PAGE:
4  /
                          
                          Table created.
                          
                          SCOTT@orcl_11gR2> INSERT ALL
                            2  INTO source_customers_tab VALUES (1, 'black smith')
                            3  INTO source_customers_tab VALUES (2, 'goldsmyth')
                            4  SELECT * FROM DUAL
                            5  /
                          
                          2 rows created.
                          
                          SCOTT@orcl_11gR2> CREATE TABLE TARGET_CUSTOMERS_TAB
                            2    ( CUSTOMER_ID     NUMBER
                            3    , CUSTOMER_NAME     VARCHAR2(4000))
                            4  /
                          
                          Table created.
                          
                          SCOTT@orcl_11gR2> INSERT ALL
                            2  INTO target_customers_tab VALUES (1, 'black smith')
                            3  INTO target_customers_tab VALUES (2, 'smith black')
                            4  INTO target_customers_tab VALUES (3, 'blacksmith')
                            5  INTO target_customers_tab VALUES (4, 'goldsmith')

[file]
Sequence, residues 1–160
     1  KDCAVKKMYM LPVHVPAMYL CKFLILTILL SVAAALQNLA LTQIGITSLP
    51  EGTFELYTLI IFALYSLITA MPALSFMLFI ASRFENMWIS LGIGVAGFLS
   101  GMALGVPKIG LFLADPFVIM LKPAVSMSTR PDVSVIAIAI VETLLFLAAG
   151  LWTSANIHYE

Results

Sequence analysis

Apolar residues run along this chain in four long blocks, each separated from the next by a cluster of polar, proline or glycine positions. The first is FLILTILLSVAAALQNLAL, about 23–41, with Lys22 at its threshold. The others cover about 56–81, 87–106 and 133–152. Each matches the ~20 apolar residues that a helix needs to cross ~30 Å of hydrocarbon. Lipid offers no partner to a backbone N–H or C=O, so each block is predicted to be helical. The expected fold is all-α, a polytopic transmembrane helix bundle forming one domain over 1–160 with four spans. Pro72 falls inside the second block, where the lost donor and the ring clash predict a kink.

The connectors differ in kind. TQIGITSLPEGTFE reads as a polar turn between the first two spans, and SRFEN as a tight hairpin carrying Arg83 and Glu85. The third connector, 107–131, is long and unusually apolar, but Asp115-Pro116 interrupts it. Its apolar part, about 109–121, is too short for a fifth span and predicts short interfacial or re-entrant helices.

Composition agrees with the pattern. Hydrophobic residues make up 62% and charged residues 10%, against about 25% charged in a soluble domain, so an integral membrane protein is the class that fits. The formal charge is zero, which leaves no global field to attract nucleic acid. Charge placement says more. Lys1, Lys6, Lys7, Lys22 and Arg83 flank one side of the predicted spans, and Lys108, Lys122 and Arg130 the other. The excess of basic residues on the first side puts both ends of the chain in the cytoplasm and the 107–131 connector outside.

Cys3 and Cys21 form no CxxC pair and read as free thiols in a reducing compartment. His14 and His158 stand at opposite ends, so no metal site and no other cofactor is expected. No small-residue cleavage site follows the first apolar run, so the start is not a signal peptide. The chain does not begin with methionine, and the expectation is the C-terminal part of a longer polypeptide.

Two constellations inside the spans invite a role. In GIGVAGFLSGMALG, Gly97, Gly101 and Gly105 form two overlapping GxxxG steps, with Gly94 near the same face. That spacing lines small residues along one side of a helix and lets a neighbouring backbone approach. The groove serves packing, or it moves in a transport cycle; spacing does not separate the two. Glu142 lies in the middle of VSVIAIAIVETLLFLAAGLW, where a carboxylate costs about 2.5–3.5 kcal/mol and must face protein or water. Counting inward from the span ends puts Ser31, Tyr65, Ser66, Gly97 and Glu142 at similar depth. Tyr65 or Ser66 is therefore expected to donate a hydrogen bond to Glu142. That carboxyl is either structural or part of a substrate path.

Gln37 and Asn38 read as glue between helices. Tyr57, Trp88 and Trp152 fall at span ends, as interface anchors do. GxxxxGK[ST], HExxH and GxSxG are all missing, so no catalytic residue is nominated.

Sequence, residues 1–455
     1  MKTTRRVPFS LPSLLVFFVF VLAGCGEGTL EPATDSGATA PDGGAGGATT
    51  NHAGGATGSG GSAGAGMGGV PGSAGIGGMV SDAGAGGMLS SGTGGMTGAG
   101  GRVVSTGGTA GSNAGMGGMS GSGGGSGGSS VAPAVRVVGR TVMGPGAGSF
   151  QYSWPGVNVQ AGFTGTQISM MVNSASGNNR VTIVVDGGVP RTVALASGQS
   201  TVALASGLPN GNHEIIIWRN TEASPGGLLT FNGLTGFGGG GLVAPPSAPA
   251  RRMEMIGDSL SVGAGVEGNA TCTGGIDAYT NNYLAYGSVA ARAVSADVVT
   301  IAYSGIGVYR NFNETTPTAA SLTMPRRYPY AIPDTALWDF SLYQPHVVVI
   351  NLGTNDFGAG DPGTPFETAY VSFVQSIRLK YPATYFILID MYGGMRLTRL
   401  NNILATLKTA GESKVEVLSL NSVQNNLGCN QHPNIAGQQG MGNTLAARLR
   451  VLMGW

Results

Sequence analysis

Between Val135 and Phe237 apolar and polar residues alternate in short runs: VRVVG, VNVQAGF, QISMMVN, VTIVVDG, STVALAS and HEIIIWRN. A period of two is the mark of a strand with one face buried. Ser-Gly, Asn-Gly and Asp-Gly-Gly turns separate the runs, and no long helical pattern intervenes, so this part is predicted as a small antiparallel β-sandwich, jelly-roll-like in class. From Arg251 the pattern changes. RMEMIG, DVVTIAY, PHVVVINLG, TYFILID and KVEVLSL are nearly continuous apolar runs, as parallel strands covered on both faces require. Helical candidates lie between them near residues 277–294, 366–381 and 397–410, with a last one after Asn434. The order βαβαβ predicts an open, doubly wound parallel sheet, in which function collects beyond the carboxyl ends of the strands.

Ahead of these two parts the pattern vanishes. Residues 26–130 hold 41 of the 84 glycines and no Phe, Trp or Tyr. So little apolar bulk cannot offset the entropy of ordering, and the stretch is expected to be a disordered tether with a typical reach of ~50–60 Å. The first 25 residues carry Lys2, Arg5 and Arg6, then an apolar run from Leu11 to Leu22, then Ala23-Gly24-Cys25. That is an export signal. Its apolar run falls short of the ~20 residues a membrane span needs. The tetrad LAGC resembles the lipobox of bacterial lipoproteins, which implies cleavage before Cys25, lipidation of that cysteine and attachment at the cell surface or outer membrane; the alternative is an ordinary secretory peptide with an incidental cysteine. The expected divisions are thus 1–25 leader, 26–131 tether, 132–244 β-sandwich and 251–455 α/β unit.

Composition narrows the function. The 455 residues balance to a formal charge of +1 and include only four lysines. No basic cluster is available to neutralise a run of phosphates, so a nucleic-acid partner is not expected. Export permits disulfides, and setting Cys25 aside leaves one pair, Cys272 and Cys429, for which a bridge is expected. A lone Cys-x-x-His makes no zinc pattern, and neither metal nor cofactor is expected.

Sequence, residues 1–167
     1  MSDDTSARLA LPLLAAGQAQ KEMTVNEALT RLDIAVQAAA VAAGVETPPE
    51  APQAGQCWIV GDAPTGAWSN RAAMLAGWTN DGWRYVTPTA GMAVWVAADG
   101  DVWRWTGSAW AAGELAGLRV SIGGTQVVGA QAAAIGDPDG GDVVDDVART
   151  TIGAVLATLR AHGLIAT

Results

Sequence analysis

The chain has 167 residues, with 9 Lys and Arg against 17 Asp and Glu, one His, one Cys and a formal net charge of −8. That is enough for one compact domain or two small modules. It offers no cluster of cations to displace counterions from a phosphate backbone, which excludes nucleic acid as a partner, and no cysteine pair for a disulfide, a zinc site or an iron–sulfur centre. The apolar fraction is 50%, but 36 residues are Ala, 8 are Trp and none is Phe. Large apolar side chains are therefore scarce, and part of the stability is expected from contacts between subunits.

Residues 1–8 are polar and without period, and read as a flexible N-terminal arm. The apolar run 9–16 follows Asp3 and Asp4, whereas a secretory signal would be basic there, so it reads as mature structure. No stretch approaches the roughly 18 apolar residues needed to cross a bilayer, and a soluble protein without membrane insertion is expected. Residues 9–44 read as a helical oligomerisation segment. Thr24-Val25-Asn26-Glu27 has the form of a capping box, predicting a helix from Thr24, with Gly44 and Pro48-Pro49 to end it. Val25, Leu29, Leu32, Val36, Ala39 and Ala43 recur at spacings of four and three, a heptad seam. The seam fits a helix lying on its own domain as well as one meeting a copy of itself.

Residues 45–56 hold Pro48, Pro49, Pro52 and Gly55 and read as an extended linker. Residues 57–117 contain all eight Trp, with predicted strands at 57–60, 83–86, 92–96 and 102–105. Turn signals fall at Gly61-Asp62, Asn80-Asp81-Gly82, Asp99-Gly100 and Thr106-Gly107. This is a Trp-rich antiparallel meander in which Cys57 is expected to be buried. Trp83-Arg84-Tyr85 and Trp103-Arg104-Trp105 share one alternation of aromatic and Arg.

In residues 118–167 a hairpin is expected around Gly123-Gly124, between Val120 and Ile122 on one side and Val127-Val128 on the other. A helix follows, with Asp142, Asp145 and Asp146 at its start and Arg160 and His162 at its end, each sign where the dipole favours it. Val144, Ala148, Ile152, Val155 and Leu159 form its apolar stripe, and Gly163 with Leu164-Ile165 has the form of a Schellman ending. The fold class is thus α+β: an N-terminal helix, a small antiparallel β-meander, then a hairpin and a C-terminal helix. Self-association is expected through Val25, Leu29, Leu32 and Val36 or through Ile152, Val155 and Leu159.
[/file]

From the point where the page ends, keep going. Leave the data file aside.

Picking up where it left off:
6  INTO target_customers_tab VALUES (5, 'black smythe')
                            7  SELECT * FROM DUAL
                            8  /
                          
                          5 rows created.
                          
                          SCOTT@orcl_11gR2> BEGIN
                            2    CTX_DDL.CREATE_PREFERENCE ('customer_ds', 'MULTI_COLUMN_DATASTORE');
                            3    CTX_DDL.SET_ATTRIBUTE ('customer_ds', 'COLUMNS', 'customer_name');
                            4    CTX_DDL.CREATE_SECTION_GROUP ('customer_sg', 'BASIC_SECTION_GROUP');
                            5    CTX_DDL.ADD_NDATA_SECTION ('customer_sg', 'customer_name', 'customer_name');
                            6  END;
                            7  /
                          
                          PL/SQL procedure successfully completed.
                          
                          SCOTT@orcl_11gR2> CREATE INDEX customer_idx
                            2  ON target_customers_tab (customer_name)
                            3  INDEXTYPE IS CTXSYS.CONTEXT
                            4  PARAMETERS
                            5    ('DATASTORE     customer_ds
                            6        SECTION GROUP     customer_sg')
                            7  /
                          
                          Index created.
                          
                          SCOTT@orcl_11gR2> COLUMN source FORMAT A20
                          SCOTT@orcl_11gR2> COLUMN target FORMAT A20
                          SCOTT@orcl_11gR2> SELECT s.customer_name source,
                            2           SCORE(1) score,
                            3           UTL_MATCH.JARO_WINKLER_SIMILARITY
                            4             (s.customer_name,
                            5              t.customer_name) jws,
                            6           ROW_NUMBER () OVER
                            7             (PARTITION BY s.customer_name
                            8              ORDER BY SCORE(1) DESC,